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Recently purchased 2020 Pilot EX-L. First new car since a new 1999 Toyota Avalon. So, yes, i’ve got some adjusting to do. But today’s new seats, all firm foam without springs, are really hard. What’s up with that? And...the Pilot driver seat bottom tilts back too far even when adjusted as far as the motor will move it to tilt forward/downward. Like sitting in a cup. Anyone know if it’s possible to add height risers on the back floor attachments to raise the back and tilt seat forward?
GR33n.... I just picked up the same car last week. I noticed the same thing with the drivers seat forward tilt. I've got it all the way forward, and it's BARELY enough. Yes, like sitting in a cup. Let me know if you find a fix or a hack.
 

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Diagnosing intermittent problems is something very few people can do properly. Software issues are never intermittent. The software will behave the same every time, it does not change unless a tech has updated it. Intermittent problems are always electromechanical, and often triggered by motion and/or thermal change.
Not exactly sure why it might be different when it comes to auto software (especially based on Android), but certainly there are all kinds of software issues that can present themselves in intermittent/sporadic ways on all kinds of devices that have been around, ranging from computers, to mobile phones, etc.
 

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If you see what looks like an intermittent software problem, the root cause is electromechanical. There is absolutely no way the software is changing on its own.
 

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If you see what looks like an intermittent software problem, the root cause is electromechanical. There is absolutely no way the software is changing on its own.
Intermittent: occurring at irregular intervals; not continuous or steady.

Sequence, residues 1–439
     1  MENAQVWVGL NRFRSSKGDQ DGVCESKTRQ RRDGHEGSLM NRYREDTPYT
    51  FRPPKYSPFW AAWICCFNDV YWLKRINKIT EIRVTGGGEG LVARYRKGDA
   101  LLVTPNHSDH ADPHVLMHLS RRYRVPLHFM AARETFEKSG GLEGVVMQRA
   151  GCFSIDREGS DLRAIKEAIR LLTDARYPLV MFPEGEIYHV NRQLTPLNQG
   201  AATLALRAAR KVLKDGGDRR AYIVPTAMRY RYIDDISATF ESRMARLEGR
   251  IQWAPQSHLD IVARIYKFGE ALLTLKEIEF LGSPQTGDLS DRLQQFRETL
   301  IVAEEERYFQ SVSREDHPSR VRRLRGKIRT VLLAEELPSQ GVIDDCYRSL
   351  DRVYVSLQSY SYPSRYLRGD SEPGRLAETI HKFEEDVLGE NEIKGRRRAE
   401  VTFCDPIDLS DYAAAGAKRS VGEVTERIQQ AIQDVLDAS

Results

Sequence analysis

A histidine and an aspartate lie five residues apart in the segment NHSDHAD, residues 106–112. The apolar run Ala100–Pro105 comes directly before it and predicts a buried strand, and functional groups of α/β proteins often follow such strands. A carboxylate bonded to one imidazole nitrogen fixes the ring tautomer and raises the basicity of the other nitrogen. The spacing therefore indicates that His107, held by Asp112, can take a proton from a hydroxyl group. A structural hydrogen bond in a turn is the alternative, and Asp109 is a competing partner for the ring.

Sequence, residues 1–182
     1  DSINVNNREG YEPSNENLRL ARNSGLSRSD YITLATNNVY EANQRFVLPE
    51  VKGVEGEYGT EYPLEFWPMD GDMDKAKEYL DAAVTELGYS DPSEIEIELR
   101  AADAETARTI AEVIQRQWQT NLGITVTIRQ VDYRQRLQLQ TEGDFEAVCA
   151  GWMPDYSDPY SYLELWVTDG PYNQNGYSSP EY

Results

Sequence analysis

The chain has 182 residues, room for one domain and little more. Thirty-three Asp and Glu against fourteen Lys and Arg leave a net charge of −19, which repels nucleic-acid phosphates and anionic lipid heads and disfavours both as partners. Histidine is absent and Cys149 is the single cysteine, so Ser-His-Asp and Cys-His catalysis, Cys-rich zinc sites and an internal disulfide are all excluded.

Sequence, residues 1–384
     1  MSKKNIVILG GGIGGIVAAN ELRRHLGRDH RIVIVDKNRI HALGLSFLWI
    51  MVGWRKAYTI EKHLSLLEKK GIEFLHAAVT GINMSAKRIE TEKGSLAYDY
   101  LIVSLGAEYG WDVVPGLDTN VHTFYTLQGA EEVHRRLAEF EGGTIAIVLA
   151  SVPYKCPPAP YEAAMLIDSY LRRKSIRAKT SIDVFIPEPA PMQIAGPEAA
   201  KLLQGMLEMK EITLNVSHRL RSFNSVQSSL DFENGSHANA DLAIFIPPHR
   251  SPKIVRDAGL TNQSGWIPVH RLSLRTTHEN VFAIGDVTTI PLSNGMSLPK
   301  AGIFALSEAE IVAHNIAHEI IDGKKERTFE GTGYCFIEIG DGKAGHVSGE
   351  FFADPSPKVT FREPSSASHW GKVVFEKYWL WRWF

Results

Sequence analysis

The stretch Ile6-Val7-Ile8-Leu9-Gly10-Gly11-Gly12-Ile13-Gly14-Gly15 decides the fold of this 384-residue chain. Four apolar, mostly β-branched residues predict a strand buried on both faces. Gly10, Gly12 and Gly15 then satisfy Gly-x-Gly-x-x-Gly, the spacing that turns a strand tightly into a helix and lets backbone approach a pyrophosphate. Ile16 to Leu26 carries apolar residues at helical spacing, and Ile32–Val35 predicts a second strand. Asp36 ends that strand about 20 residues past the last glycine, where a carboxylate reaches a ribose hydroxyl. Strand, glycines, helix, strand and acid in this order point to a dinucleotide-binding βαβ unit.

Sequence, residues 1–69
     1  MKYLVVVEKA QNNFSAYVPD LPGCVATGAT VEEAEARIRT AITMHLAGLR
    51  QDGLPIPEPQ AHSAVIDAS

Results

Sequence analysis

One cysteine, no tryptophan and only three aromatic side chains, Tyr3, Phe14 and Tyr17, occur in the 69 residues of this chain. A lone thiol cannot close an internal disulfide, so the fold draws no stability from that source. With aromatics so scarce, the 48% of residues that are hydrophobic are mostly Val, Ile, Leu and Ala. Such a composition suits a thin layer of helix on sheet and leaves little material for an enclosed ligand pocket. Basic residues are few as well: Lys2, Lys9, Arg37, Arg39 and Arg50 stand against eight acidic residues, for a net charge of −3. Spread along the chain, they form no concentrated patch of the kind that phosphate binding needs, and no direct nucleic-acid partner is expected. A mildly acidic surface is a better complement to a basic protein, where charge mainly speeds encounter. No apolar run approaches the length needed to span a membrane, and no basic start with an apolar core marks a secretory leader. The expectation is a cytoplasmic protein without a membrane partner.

Software can act this way based on certain conditions being met. You can get the blue screen of death with Windows intermittently and not no what caused, multiple states can cause these problems.

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Not true at all. BSOD is caused by specific sequences of events which can be repeated. They aren’t as easily repeated because they are caused by “death of a thousand cuts” memory leaks that accrue to the point of a crash from insufficient memory handles. Don’t get too worried about not understanding it, not many people can do a differential diagnosis successfully - the human mind isn’t wired for it.
 

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Not true at all. BSOD is caused by specific sequences of events which can be repeated. They aren’t as easily repeated because they are caused by “death of a thousand cuts” memory leaks that accrue to the point of a crash from insufficient memory handles. Don’t get too worried about not understanding it, not many people can do a differential diagnosis successfully - the human mind isn’t wired for it.
So sometimes doing the same type of things would result in a crash and other times they won't, because something else somewhere else in the background might be different in one way or another (like the memory leaks you bring up). Why would that apply differently to software in a vehicle that could similarly end up getting stuck or crashing at times while not at other times?

(Trying to indirectly, or really directly, dismiss things based on some sort of implied supposed inability of people to understand something, actually ends up undermining any actual points that might be there.)
 

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Not true at all. BSOD is caused by specific sequences of events which can be repeated. They aren’t as easily repeated because they are caused by “death of a thousand cuts” memory leaks that accrue to the point of a crash from insufficient memory handles. Don’t get too worried about not understanding it, not many people can do a differential diagnosis successfully - the human mind isn’t wired for it.
I have a degree in computer science, so in fact i do understand. I study string theory for fun...

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Root cause analysis is the name of the game. Do not forget that randomness is not the goal of software - its place in this world is to automate tasks that are either too mundane or minute to be suitable for humans. Automation takes a specific set of inputs and determines a calculated output with pre-determined algorithms. If a flakey sensor is being monitored, guess what? Yep, garbage in equals garbage out.
 
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